If you decide to make a major change in the way your family celebrates Halloween, you may not need to do all the work yourself. We would encourage you to contact churches in your area to determine what activities are being planned.
Rather than separate completely from the night’s activities, some Christians give Gospel tracts along with treats to children who come to their homes and make Halloween an opportunity to witness for Christ. Others offer safe places for lighthearted fun.
Want to share the Gospel with your neighbors? Click here on Download and receive a kid-friendly “Steps to Peace with God” booklet to give to trick-or-treaters.
Halloween is an exciting time of year for kids, and to help ensure they
Halloween is an exciting time of year for kids, and to help ensure they have a safe holiday, here are some tips from the American Academy of Pediatrics (AAP). Feel free to excerpt these tips or use them in their entirety for any print or broadcast story, with acknowledgment of source.
ALL DRESSED UP:
- Plan costumes that are bright and reflective. Make sure that shoes fit well and t hat costumes are short enough to prevent tripping, entanglement or contact with flame.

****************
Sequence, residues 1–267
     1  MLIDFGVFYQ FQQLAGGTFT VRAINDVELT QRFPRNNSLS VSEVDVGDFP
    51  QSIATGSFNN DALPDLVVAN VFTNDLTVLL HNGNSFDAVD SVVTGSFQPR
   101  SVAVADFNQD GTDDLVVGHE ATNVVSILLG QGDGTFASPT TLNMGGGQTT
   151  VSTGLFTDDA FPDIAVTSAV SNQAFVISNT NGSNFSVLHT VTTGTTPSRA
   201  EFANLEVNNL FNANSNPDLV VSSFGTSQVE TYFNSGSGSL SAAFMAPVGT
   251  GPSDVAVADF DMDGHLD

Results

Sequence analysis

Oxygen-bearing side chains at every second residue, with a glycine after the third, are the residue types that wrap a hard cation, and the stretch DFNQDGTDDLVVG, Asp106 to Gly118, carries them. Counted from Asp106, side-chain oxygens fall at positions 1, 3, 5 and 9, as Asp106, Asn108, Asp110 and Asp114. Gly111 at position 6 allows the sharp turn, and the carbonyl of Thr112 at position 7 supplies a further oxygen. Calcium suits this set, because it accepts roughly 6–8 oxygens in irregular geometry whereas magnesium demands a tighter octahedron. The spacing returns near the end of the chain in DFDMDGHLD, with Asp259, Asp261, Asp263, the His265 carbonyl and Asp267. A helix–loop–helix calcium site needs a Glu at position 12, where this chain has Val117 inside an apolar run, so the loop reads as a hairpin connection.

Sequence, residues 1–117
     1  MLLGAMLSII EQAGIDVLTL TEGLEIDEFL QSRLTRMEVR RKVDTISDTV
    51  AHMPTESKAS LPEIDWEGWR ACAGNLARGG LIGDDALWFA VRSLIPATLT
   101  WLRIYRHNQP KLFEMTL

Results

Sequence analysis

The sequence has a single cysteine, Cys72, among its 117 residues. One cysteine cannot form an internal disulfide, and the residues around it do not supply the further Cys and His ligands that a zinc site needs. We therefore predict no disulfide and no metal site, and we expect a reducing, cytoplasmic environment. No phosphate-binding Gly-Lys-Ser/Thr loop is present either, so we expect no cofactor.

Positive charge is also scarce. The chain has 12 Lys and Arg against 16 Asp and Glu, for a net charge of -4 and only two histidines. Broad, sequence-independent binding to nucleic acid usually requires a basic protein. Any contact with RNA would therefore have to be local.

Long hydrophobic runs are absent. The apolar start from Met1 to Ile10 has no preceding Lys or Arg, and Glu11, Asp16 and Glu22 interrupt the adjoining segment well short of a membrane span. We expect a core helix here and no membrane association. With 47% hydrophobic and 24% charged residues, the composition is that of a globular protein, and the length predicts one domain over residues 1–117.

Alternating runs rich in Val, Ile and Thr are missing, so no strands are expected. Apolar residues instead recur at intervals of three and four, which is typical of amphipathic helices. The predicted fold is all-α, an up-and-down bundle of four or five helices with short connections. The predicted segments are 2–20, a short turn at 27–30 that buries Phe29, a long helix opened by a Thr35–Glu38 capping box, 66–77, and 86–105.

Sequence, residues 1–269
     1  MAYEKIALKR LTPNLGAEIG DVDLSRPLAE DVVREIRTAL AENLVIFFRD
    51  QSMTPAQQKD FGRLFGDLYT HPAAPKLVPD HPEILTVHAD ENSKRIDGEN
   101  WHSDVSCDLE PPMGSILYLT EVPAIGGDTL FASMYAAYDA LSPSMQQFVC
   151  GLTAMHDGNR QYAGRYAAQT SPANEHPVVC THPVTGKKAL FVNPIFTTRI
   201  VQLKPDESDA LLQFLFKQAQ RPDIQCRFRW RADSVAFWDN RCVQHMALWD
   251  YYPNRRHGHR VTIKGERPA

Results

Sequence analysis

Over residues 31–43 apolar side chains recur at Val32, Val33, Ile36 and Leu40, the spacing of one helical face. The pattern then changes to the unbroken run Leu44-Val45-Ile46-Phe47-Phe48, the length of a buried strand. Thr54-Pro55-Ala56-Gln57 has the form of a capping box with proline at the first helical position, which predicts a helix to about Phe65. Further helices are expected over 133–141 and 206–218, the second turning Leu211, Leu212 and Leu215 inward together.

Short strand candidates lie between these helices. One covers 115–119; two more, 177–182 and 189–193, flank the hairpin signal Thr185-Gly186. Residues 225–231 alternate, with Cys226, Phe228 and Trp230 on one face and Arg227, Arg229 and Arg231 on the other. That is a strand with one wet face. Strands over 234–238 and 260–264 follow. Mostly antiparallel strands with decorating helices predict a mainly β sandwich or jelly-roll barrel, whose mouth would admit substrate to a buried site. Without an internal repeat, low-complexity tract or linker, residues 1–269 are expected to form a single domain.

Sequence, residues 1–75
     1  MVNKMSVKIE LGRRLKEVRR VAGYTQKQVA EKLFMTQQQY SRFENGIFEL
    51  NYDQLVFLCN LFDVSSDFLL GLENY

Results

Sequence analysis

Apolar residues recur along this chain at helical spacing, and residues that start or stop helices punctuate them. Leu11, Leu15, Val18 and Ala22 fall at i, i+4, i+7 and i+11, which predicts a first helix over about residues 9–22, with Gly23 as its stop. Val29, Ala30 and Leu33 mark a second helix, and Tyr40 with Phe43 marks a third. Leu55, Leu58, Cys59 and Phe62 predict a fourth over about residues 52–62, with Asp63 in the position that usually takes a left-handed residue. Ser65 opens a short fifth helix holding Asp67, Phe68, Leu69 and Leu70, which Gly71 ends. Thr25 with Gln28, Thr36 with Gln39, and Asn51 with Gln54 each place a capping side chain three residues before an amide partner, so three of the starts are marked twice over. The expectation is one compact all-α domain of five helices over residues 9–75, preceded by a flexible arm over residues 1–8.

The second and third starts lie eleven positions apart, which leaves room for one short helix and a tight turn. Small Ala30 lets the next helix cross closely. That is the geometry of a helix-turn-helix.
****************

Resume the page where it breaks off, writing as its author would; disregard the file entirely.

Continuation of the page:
- Consider adding reflective tape or striping to costumes and trick-or-treat bags for greater visibility.
- Because masks can limit or block eyesight, consider non-toxic makeup and decorative hats as safer alternatives. Hats should fit properly to prevent them from sliding over eyes. Makeup should be tested ahead of time on a small patch of skin to ensure there are no unpleasant surprises on the big day.
- When shopping for costumes, wigs and accessories look for and purchase those with a label clearly indicating they are flame resistant.
- If a sword, cane, or stick is a part of your child’s costume, make sure it is not sharp or long. A child may be easily hurt by these accessories if he stumbles or trips.
- Do not use decorative contact lenses without an eye examination and a prescription from an eye care professional. While the packaging on decorative lenses will often make claims such as “one size fits all,” or “no need to see an eye specialist,” obtaining decorative contact lenses without a prescription is both dangerous and illegal. This can cause pain, inflammation, and serious eye disorders and infections, which may lead to permanent vision loss.
- Review with children how to call 9-1-1 (or their local emergency number) if they ever have an emergency or become lost.
CARVING A NICHE:
- Small children should never carve pumpkins. Children can draw a face with markers. Then parents can do the cutting.
Consider using a flashlight or glow stick instead of a candle to light your pumpkin. If you do use a candle, a votive candle is safest.